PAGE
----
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U.S. Prosecutors Ask 60-Year Jail Sentence For Manning

U.S. Private First Class Bradley Manning is escorted out of court after testifying in the sentencing phase of his military trial at Fort Meade, Maryland, on August 14.
Prosecutors are asking a military judge to sentence U.S. soldier Bradley Manning to 60 years in prison for handing over secret U.S. military and diplomatic documents to the WikiLeaks website.

Prosecutor Joe Morrow made the recommendation during closing arguments on August 19 in the sentencing phase of Manning's court-martial in the eastern state of Maryland.

Morrow did not say why prosecutors were seeking 60 years when Manning has faced up to 90 years for his convictions on 20 counts, including six violations of the Espionage Act.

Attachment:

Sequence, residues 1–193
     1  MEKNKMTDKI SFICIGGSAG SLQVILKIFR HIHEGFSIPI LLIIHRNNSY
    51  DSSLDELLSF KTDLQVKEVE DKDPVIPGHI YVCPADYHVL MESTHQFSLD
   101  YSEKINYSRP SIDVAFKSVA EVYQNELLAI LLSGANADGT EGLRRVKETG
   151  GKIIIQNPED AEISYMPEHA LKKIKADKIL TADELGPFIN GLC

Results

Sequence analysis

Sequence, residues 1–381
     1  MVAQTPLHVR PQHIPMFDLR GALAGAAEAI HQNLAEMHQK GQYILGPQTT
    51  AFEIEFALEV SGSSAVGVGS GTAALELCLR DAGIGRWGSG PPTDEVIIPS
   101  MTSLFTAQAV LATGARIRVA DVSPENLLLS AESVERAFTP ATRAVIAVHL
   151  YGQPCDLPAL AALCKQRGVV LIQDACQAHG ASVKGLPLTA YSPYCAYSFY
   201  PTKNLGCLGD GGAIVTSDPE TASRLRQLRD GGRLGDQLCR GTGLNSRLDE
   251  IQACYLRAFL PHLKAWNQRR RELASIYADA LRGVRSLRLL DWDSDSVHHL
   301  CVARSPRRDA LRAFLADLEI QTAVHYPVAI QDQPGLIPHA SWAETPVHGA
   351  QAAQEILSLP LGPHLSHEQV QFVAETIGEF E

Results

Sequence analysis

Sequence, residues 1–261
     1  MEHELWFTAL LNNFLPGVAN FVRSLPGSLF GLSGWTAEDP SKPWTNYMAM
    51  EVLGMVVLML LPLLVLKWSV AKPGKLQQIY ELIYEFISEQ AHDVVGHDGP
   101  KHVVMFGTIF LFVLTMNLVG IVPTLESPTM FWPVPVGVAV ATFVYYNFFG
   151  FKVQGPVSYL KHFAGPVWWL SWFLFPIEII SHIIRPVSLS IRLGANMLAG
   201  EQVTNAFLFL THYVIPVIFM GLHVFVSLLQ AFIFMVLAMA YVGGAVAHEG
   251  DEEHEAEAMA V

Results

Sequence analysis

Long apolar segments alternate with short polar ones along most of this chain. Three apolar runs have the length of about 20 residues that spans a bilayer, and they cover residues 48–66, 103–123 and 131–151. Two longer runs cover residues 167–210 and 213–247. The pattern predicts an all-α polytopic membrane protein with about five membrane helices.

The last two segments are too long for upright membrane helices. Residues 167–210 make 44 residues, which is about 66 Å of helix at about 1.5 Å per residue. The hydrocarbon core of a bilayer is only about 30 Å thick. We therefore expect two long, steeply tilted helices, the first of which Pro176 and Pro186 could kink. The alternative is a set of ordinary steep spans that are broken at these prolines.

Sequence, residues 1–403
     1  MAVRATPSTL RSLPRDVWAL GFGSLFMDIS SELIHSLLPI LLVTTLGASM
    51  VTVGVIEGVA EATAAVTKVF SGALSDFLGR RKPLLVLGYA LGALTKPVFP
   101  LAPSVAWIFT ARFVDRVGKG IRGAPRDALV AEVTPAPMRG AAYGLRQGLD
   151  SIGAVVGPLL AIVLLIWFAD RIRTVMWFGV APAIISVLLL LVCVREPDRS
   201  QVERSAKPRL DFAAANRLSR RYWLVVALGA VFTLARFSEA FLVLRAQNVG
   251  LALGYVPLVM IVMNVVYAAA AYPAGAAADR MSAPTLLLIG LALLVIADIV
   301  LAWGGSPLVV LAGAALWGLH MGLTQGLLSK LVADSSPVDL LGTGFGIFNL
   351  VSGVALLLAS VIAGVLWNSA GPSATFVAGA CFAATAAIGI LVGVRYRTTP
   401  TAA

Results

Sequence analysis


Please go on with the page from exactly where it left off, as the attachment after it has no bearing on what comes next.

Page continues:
Manning's defense attorney did not recommend a specific punishment, but suggested any prison term shouldn't exceed 25 years because the classification of some of the documents Manning leaked expires in 25 years.

Defense attorney David Coombs said Manning, who was 21 when he enlisted in 2007, had limited life and military experience.

Manning's attorneys have presented witnesses who said he was under great stress because he was wrestling with problems of gender identity while deployed in Iraq, when the leaks occurred.

The judge said she will begin deliberating the punishment on August 20.

Based on reporting by AP and AFP